DR. EMANUEL: Well, I think for the Medicare cap, it's very important and long overdue. I think the drug price negotiation is a baby step forward. It's kind of the camel's nose under the tent, I think in and of itself, not wildly impressive.

Negotiations would start for drugs in 2026. Only ten drugs by the end of the decade, we'll get to 20 drugs. And there's a lot of restrictions on which drugs can be negotiated. There has to be no biosimilars, no generics, they have to be on the market for a very long time, i.e. Their patents are almost about to expire.

So I'm not expecting a huge amount. But I think it's a start. And in that regard, it's very, very important. And if everyone's comfortable, it hasn't torpedoed innovation as the drug companies keep claiming. Then more serious drug price regulation I think is a distinct possibility.

WHITFIELD: You're credited with being the architect -- you know, one of the architects of Obamacare and this bill also extends expiring (ph) enhanced subsidies for Affordable Care Act coverage for three years.

In your view does this kind of breathe new life into the Affordable Care Act or extend its life and viability?


DR. EMANUEL: So last year -- Well I mean, it's here, it's permanent, it's shaped American health care in so many ways. To say breathe new life, it's vibrant. And if you're in the health care field, the Affordable Care Act is shaping decisions every single day. I think the real issue is these exchanges where about 14.5 to 15 million Americans get coverage and we expected more. We expected 30 million.

There are lots of reasons for that. But one of them is increasing the subsidies so that people don't have to pay as much out of pocket and that the insurance they get really covers a lot of their health care bills.


DR. EMANUEL: And this bill will help with that. It will retain 3 million people who got coverage under the enhanced subsidies due to COVID. And hopefully more will come in and realize that there are good deals for them to get health insurance. And so I think that again is very important.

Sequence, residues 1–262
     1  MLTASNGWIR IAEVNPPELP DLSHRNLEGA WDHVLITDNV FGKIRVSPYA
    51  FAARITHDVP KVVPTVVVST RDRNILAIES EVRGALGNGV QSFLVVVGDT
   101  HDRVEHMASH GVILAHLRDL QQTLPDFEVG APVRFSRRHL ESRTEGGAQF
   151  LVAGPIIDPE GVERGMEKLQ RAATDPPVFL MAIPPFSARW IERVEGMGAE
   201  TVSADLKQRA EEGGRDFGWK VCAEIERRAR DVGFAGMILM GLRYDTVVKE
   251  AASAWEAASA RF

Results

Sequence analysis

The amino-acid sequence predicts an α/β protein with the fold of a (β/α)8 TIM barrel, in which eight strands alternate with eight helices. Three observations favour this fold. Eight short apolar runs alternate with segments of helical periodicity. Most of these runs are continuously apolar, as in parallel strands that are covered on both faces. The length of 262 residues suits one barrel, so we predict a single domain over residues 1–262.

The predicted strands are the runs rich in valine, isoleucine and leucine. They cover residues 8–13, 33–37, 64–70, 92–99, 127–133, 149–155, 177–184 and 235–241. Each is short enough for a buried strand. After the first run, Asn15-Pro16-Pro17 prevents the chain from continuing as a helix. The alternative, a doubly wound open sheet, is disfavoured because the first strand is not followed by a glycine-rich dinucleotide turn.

The problem I have with it is that the subsidy increases are temporary. Only three years. They expire in 2025 rather than making them permanent. And I think making them permanent --

WHITFIELD: Are you worried about that, then?

DR. EMANUEL: -- is important. Yes, I'm always worried, because Congress has to come back and reapprove them.

WHITFIELD: All right. We'll leave it there for now. It's kind of, you know, it's half glass full, right? It sounds like you're very optimistic.

DR. EMANUEL: Oh, no, I think this is a big bill, and it's a good step forward.

WHITFIELD: Ok. All right. Dr. Zeke Emanuel, good to see you. Thanks so much for coming back.

DR. EMANUEL: Take care.

WHITFIELD: All right. And of course we continue to monitor the fatal flooding in Kentucky, at least 25 people dead. But the officials fear that number could rise as efforts to find people in the devastation continues. More on that and the efforts to help those impacted, next.



WHITFIELD: All right, the U.S. on high alert this morning as the monkey pox outbreak continues to grow. Right now there are nearly 5,000 recorded cases. And CNN's chief medical correspondent Dr. Sanjay Gupta goes inside a clinic treating the virus. And we do want to warn you some of the images are graphic.


DR. SANJAY GUPTA, CNN CHIEF MEDICAL CORRESPONDENT: What you're looking at are monkeypox lesions on 33-year-old Adam's arms, face, legs, even his eye.

ADAM, MONKEYPOX PATIENT: Right under the eyelash next to the eyeball.

DR. GUPTA: The previous week he gone to a festival. And after he returned, he received an email from festival organizers saying someone who attended had monkeypox.

ADAM: The last exposure that I could think of was on the 3rd of July. And then by the 11th, that is when I first noticed the marks on my arm.

DR. GUPTA: That is important. It is called the incubation period, the time between being exposed and first developing symptoms. It could be anywhere from 6 days to as long as 21 days in this outbreak.

ADAM: And then by the 12th, that is a full on fever.

DR. GUPTA: Within three days of getting that fever, Adam continued to break out in rashes, even in the back of his throat and those were the worst. Adam could hardly eat or even speak. The only thing that seemed to help, gargling with lidocaine solution.